Hamilton inches away from Rosberg to top FP2 at COTA

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Lewis Hamilton has continued his good form during practice for this weekend’s United States Grand Prix by finishing fastest once again in FP2 on Friday afternoon in Austin.

The British driver edged out teammate and championship rival Nico Rosberg by just 0.003 seconds at the top of the timesheets to double up after finishing quickest in FP1 in the morning session.

The gap at the top equates to just 6.7 inches across the course of a lap at the Circuit of The Americas, proving just how tight the margins are between both of our championship protagonists.

However, Hamilton’s session ultimately came to an early end due to a fuel leak, with Rosberg also complaining of a gearbox issue.

FP2 saw the drivers divide their time between shorter low-fuel runs and race simulations, and it was Rosberg who enjoyed the upper hand in the first runs on the prime tire.

However, Hamilton soon redressed the balance at the top of the timesheets by pulling out a quickest lap of 1:39.085 to finish marginally ahead of Rosberg come the checkered flag as both opted to focus on heavy fuel runs in the second half of the session.

Both Mercedes drivers reported problems with their gearboxes, but this should not impact the rest of their race weekend as the units can be replaced for tomorrow’s running at COTA without earning a sanction from the stewards. Hamilton was given the call to pit with 20 minutes remaining due to an issue on the car, and did not head back out on track.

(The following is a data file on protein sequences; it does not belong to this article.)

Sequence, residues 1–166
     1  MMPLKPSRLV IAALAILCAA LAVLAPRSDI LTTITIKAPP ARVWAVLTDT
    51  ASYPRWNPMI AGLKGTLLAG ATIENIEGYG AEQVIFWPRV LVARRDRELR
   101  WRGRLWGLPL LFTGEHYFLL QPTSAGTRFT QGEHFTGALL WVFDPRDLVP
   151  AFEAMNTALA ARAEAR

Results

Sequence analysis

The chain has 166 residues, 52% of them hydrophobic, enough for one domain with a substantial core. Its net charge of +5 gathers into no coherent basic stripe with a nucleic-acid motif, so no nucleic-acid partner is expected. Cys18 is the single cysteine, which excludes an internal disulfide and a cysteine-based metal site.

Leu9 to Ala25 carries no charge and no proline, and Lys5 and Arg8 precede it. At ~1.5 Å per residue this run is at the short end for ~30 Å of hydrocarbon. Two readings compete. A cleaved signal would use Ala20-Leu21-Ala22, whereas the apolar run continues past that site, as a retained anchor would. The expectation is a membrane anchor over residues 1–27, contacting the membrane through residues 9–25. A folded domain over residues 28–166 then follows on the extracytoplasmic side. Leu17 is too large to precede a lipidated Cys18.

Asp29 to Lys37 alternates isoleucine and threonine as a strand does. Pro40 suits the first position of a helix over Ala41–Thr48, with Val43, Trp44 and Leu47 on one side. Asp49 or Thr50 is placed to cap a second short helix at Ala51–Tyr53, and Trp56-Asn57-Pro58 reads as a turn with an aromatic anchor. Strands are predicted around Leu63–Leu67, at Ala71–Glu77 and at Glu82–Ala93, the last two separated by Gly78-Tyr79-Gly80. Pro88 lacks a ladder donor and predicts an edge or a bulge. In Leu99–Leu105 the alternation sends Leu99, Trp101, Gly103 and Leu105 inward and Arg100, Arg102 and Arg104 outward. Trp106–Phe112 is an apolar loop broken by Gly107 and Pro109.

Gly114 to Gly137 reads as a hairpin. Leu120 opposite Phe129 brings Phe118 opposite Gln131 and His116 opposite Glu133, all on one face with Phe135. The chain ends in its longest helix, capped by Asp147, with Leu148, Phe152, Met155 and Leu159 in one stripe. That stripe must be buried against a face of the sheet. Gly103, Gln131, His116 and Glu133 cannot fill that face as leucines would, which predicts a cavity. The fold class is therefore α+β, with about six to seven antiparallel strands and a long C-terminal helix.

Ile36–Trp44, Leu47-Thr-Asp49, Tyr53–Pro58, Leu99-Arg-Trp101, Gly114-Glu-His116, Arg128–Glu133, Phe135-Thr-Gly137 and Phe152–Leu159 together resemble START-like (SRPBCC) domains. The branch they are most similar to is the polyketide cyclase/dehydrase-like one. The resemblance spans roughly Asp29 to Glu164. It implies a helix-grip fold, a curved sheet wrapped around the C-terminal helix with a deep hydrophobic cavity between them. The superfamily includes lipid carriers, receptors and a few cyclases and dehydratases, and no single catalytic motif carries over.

Fernando Alonso continued to plug away in the troublesome Ferrari F14 T, finishing third ahead of Daniel Ricciardo and Felipe Massa in the final standings.

After his teammate was forced to sit out most of the first session on Friday, Red Bull’s Sebastian Vettel came unstuck during FP2, finishing at the bottom of the timesheets after completing just 18 laps due to a gearbox issue. This setback came just hours after the FIA confirmed he will be forced to start the race in Austin from the pit lane due to an engine penalty.

Yet again, it was Hamilton who enjoyed the bragging rights in Austin on Friday, but with Rosberg for very close company, the Briton cannot rest on his laurels if he is to claim a fifth straight win this weekend and extend his world championship lead.

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Eli Tomac’s near-perfect season ended perfectly

ProMotocross.com
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From the start, Eli Tomac wanted to go into the season-ending race at Ironman Raceway with the 2020 red plate already in his possession. That final race has been know to devolve into muddy conditions and it is best not to leave things to chance.

For a rider with an almost perfect record of overall podium finishes, one would not have thought there would be much drama at the end of Round 11 at Budds Creek, but it took until the last lap of the final moto for Tomac to achieve his goal.

One reason was that Tomac’s near-perfect season was not so perfect. From the very beginning at Hangtown, Tomac struggled with poor starts to his events. Getting a bad jump out of the gate and finishing fourth in Moto 1 that weekend was not the auspicious beginning he wanted in search of his third consecutive 450 outdoor championship.